This is all the more astonishing since these figurations precede by at least a millennium the winged angels in the Jewish Torah, such as the angels of the Ark of the Covenant whose wings touch each other by their extremities, as described in the Book of Exodus:
« These cherubim will have their wings spread out in front and dominating the mercy seat, and their faces, turned toward each other, will be directed toward the mercy seat. »xvii
iThe Hawara Funerary Complex (the pyramid and Lbyrinth Temple) was built by Amenemhet III (1843-1797), the sixth king of Dynasty 12. According to some, the Hawara complex introduced the prototype of the ‘labyrinth’. However, the site of Knossos in Crete, populated since the 8th millennium B.C., already had a large palace in 2200 B.C., built several centuries before the Hawara complex, during the Ancient Minoan phase (MA III), and followed, during the Middle Minoan phase (MM IA) called ‘archaeopalatial’, dating from 2100 to 2000 B.C., by the construction of an Old Palace organized around a central courtyard. It is possible that reciprocal influences between Egyptian and Minoan civilizations took place as early as the 3rd millennium BC, or even earlier. In any case, the very name ‘labyrinth’ has nothing Egyptian or Greek about it, but is of Carian origin, and therefore of Asia Minor.
iiMartin P. Nilsson. The Minoan-Mycenaean Religion and its Survival in Greek religion. Copenhagen, London, 1927, p. 186-188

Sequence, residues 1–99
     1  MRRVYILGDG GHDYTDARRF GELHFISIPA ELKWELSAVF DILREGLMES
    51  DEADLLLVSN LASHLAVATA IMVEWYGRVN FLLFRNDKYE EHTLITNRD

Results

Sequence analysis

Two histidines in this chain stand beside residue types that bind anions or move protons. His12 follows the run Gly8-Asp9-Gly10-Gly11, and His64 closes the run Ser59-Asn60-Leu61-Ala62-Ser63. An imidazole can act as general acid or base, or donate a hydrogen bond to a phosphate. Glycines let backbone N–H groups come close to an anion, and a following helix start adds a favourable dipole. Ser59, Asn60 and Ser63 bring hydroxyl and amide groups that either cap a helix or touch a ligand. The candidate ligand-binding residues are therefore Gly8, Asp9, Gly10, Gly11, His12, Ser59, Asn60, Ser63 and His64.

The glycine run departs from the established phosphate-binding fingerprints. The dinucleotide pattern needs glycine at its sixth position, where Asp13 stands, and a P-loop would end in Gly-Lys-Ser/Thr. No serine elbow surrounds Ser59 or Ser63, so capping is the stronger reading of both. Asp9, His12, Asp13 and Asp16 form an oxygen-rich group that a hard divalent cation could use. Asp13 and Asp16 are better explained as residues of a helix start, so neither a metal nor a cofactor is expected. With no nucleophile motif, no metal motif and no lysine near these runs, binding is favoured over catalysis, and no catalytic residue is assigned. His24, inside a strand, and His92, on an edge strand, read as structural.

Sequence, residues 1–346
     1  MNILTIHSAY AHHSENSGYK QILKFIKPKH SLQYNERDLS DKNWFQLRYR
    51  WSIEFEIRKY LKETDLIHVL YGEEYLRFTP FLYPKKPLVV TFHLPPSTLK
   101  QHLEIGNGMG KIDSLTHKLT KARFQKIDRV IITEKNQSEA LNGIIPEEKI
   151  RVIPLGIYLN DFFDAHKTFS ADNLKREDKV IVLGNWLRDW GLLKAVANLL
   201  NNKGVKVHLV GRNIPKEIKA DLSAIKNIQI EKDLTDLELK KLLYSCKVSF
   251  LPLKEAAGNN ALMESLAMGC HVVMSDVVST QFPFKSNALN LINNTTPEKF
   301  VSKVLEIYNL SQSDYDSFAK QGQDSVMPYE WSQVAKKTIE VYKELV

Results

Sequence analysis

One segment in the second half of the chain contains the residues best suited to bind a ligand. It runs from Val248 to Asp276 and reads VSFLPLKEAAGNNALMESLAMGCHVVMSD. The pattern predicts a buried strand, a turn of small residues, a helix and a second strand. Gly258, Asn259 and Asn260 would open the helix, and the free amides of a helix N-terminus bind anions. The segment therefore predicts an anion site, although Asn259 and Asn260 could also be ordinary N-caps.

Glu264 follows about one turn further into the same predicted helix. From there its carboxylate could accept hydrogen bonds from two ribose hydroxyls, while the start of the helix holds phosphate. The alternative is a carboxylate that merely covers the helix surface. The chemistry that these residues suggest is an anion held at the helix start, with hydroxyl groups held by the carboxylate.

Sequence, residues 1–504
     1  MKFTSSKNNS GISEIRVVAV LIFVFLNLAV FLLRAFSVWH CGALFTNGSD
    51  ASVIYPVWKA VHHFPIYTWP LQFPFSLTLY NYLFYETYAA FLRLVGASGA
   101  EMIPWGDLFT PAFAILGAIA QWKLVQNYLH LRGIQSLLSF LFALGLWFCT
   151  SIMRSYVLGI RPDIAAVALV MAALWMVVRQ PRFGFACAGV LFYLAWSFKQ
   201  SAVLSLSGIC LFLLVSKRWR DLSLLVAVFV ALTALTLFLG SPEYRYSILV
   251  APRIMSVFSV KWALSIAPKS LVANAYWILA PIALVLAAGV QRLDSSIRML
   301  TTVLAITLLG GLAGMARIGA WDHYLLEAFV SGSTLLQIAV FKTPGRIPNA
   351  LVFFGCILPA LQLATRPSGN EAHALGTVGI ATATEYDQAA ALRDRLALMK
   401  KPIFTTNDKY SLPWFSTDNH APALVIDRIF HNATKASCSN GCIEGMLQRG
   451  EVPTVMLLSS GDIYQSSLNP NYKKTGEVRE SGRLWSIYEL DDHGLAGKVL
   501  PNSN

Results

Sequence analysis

iiiL.W. King, H.R. Hall. History of Egypt, Chaldea, Syria, Babylonia and Assyria. The Grolier Society. London, 1907, p.125-126
ivWalter Burkert. The Greek religion in the archaic and classical period. Translation Pierre Bonnechere. Ed. Picard. 2011, p. 60
vWalter Burkert. The Greek religion in the archaic and classical period. Translation Pierre Bonnechere. Ed. Picard. 2011, p. 61-62.
viWalter Burkert. The Greek religion in the archaic and classical period. Translation Pierre Bonnechere. Ed. Picard. 2011, p. 65.
viiMartin P. Nilsson. The Minoan-Mycenaean Religion and its Survival in Greek religion. Copenhagen, London, 1927, p. 285
viiiHeinrich Schliemann. Mycenae : A Narrative of Researches and Discoveries at Mycenae and Tiryns, Ed. Scribner, Armstrong and Co., New York, 1878, p. 180, Fig. 267 et 268.
ixDans sa conférence Bird and Pillar. Worship in connexion with Ouranian Divinities. Transactions of the 3rd Congress for the History of Religions at Oxford, II, p.156.
xCité par Martin P. Nilsson. The Minoan-Mycenaean Religion and its Survival in Greek religion. Copenhagen, London, 1927, p. 292-293
xiMartin P. Nilsson. The Minoan-Mycenaean Religion and its Survival in Greek religion. Copenhagen, London, 1927, Ch. VI » The Double-Axe « , p. 162-200
xiiSeager, Mochlos, p.96 and p.36, fig.13
xiiiEvans, Palace of Minos, I, p.166
xivMartin P. Nilsson. The Minoan-Mycenaean Religion and its Survival in Greek religion. Copenhagen, London, 1927, p.180
xvJospheh Joûbert, Les fouilles archéologiques de Knossos, Edition Germain et G. Grassin, Angers, 1905
xviBlinkenberg. The temple of Paphos. Det. Kgl. Danske Videnskabernes Selskab,Hist-filol. Medd, IX:2, 1924, p.29 cited by Martin Nilsson. In Op.cit. p.338.
xviiEx 25, 18-20 and Ex 37, 7-9
xviiiEx 25, 18-20 and Ex 37, 7-9